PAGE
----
SF Supes approves measure to expand city’s anti-corruption oversight – NBC Bay Area
San Francisco supervisors unanimously approved legislation on Tuesday that will expand the city’s ability to investigate and oversee city functions through the council’s Budget and Legislative Analyst (BLA) .
The vote follows a proposed budget allocation by Supervisor Dean Preston to expand the BLA to take on a greater role in preventing public corruption, Preston’s office said.
The BLA contracts with the city, providing council-requested annual program audit reports and recommendations regarding legislation with budget impact, Preston said.
The city’s budget has grown, but its oversight by the BLA has not, Preston said, adding that it has actually been “stable” over the past decade.
“San Francisco‘s current system of checks and balances has failed to root out corruption, and we simply cannot wait for the next round of federal bribery indictments,” Preston said in a statement. “We must be proactive in preventing corruption and restoring public trust. This requires increased commitment at all levels of government, including enhanced oversight by the oversight board.”
San Francisco has had its share of scandals. Since 2020, Preston has identified eight:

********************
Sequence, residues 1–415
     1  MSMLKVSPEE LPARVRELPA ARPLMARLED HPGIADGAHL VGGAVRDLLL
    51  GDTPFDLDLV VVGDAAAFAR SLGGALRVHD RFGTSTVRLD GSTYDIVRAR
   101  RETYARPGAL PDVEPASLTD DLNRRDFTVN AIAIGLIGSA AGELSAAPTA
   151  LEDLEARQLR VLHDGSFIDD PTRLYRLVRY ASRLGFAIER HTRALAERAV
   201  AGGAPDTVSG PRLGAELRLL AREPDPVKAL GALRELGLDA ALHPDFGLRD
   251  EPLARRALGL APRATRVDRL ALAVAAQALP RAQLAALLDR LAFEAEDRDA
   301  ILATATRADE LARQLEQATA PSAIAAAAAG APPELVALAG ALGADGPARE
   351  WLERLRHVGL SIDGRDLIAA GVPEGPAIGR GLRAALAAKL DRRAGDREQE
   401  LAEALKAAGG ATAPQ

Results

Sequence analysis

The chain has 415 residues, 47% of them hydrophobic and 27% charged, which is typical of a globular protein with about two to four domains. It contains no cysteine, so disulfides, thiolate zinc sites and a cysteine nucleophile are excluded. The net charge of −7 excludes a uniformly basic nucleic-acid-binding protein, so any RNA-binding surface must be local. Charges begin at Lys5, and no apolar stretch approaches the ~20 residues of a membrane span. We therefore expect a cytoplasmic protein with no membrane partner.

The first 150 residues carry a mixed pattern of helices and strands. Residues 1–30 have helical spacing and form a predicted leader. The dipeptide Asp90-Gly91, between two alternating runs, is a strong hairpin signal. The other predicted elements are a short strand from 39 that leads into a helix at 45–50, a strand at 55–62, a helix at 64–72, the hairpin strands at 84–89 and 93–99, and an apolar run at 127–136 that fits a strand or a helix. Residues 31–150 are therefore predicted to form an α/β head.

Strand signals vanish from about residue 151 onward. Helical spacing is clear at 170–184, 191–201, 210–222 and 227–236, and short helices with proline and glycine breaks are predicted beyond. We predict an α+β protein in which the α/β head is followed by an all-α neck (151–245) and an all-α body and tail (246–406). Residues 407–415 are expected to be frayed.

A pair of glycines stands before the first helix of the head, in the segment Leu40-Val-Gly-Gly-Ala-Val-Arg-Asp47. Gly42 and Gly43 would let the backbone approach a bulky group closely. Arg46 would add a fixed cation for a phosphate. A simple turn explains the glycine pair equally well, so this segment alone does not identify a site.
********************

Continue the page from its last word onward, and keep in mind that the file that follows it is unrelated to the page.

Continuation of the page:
-Mohammed Nuru, director of public works, who was indicted for corruption and fraud in January 2020.
-The Mayor of London Breed admitted receiving gifts from Nuru in breach of the city’s ethics laws in February 2020.
-Tom Hui, director of the building inspection department, resigned amid corruption allegations in March 2020.
-Sandra Zuniga, Director of the Mayor’s Office of Neighborhood Services, was removed from her post after being charged with conspiracy to launder money in June 2020.
-Naomi Kelly, city administrator and supervisor of Nuru, revealed in a comptroller’s report that she knew that Nuru was urging contractors to donate to public works in violation of ethics rules in September 2020.
-Harlan Kelly, chief executive of the San Francisco Public Utilities Commission, was charged with public corruption in November 2020
-Debbie Raphael, director of the environmental department, resigned following an alleged solicitation of a donation from Recology in April this year.
-Darryl Honda, chairman of the appeal board, resigned after failing to disclose his economic interests in July this year.
Preston argues that current audits can take “several months” and sometimes up to a year and that the BLA has had to limit its scope. Last month, the board earmarked an additional $800,000 to expand the BLA’s capacity. Once funds are released, expanded surveillance will begin.